This organization is a great weakness when it comes to creativity, spontaneity, and resilience.  The ability to plan is predicated on stability.  If you know that two weeks from now at 2pm you’ll be free, alive, and have enough money, you can make plans to grab coffee with a friend.  It’s a soothing stability that can allow for truly great long-term plans to come to fruition.  A stability often lacking in Israel, where things seem to shift from moment to moment.  You need to reconfirm that your friend is going to show up on the day you’re supposed to meet- or oftentimes they won’t show up.  Plans are a suggestion unless reconfirmed- and even then, not a small number of times people won’t show up.  It’s not seen as socially rude because you’re entitled to do it too without any repercussion.  To see how you feel.  It’s a different culture.  Flexibility can be a two way street both frustrating and liberating.  Plans in Israel are plans- not etched-in-stone commitments hovering above Moses’s head.

In America, the impulse to plan is so strong sometimes that Americans don’t realize how strange they are.  One Friday, an Israeli friend said that he asked an American here to play basketball together.  The American said sure.  Thinking that meant now, the Israeli suggested they play the next day.  The American, looking puzzled, pulled out his Google Calendar and (without thinking it odd- which it is) suggested they play in two weeks.  Two weeks- this cursed amount of time that apparently both archivists and basketball players live by on this dreaded continent.  Why is it so hard to live in the moment and play basketball when you feel like it?  How do you even know you’ll want to play in two weeks, or what the weather will be like?  Of all the places I’ve visited, Americans are some of the most rigid, placid, uncreative people I’ve ever met.  Perhaps that’s why immigrants to the U.S. are disproportionately credited with inventing new patents.  What would it look like to invite someone to coffee and go…the next day?  Would it be “too soon”?  Would it be too spontaneous or erratic or confusing or disrupt your yoga schedule?  There’s nothing natural about American hyper organization- and the fact that so few of you see that is a testament to your inability to see other ways of doing things.  It’s a rigidity that hampers the growth of this country- economically, socially, and politically.  On both sides of the aisle.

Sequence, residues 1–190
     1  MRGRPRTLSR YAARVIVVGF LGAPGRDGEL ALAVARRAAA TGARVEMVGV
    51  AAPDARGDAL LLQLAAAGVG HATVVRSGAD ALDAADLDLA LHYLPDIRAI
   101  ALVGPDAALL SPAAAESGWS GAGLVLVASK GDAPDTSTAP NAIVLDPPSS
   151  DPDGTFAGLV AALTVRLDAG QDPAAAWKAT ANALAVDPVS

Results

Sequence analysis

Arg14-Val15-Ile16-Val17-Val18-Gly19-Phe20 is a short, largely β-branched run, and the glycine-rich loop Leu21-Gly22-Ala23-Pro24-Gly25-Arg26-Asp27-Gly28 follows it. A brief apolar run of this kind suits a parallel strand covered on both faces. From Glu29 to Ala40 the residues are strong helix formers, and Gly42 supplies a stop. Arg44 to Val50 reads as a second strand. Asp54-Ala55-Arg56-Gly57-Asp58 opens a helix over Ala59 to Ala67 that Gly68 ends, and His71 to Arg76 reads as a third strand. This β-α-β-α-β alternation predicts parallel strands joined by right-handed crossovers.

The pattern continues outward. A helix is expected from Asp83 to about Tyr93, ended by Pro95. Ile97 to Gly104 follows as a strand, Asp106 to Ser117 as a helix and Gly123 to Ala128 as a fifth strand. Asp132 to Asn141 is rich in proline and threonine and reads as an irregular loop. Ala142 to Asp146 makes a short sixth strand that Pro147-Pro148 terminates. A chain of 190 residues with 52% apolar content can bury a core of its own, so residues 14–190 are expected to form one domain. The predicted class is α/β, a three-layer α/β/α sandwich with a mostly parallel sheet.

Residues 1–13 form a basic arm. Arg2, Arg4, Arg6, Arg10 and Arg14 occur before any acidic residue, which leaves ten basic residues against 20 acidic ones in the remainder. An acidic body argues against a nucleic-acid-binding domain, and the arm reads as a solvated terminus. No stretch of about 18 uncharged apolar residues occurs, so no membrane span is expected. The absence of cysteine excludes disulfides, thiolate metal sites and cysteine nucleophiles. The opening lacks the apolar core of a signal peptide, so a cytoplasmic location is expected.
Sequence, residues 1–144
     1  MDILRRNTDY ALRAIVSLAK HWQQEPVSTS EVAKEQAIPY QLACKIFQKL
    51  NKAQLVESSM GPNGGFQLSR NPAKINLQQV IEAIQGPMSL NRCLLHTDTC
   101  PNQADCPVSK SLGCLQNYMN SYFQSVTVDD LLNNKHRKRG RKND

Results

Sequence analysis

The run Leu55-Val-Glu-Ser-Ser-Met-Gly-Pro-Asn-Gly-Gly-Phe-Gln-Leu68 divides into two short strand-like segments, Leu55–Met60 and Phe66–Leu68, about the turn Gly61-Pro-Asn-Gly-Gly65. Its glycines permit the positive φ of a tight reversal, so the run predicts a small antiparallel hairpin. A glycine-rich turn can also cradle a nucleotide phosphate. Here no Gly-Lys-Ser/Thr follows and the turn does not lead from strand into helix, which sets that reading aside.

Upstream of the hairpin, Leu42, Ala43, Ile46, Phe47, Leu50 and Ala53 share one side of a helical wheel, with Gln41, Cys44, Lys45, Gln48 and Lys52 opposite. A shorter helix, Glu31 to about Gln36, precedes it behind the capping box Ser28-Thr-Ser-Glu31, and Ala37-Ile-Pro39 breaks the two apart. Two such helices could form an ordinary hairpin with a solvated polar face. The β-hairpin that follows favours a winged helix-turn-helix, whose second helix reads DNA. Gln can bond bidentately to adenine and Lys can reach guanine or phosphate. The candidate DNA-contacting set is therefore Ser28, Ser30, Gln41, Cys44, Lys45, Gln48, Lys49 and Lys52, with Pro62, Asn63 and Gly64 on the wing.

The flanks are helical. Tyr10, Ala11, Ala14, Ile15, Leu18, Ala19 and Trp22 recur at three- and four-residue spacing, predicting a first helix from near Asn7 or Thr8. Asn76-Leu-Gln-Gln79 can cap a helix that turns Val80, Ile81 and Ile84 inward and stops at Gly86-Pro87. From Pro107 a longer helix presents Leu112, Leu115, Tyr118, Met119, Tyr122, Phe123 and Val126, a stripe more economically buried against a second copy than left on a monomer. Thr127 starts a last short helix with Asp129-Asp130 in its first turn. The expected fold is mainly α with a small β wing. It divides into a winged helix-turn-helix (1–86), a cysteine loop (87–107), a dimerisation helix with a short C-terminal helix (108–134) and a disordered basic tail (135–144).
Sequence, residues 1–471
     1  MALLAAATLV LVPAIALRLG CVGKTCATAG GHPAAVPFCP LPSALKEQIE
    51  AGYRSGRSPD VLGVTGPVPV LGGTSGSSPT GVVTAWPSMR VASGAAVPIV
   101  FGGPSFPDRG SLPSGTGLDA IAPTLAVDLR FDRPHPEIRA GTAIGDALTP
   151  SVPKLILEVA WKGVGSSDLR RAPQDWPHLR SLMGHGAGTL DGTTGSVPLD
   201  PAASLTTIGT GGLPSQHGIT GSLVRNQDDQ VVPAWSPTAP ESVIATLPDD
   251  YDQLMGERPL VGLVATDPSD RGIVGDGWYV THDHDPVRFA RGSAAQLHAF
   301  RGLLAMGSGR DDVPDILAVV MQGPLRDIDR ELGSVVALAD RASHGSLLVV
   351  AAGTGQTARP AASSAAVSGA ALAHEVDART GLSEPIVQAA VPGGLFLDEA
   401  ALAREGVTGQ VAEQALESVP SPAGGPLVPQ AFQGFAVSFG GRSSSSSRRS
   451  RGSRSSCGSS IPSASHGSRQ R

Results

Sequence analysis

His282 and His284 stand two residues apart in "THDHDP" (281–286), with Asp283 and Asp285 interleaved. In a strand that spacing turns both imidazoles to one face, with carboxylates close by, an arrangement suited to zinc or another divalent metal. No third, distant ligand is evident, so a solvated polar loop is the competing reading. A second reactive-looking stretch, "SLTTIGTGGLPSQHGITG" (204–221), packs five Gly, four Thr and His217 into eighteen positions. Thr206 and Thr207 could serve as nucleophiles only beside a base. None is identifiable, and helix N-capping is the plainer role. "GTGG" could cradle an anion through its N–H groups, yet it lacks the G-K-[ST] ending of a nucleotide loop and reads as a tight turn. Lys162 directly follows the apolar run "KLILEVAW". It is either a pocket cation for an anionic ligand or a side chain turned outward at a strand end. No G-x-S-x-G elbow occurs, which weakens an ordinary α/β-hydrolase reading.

After yet another archive telling me I had to schedule an appointment to sit down with a book, I found myself noshing on my kreplach in the Jewish deli.  I had met nice Americans (an odd phrase to have to write- but I sometimes feel like an immigrant in my own country), but I was frankly tired of them.  I needed some good Jewish cooking to feel at home and bask in a bit of my own culture.